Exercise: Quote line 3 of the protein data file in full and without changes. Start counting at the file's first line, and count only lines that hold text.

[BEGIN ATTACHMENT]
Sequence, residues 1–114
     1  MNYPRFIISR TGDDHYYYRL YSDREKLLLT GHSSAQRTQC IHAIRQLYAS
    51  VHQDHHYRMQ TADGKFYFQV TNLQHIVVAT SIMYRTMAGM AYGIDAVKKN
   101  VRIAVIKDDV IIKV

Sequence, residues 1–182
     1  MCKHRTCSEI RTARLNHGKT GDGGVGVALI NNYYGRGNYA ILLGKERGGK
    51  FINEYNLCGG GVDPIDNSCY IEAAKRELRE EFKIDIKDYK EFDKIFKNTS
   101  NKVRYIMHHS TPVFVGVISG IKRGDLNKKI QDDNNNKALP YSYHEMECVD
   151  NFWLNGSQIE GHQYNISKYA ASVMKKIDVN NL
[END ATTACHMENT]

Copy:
    51  VHQDHHYRMQ TADGKFYFQV TNLQHIVVAT SIMYRTMAGM AYGIDAVKKN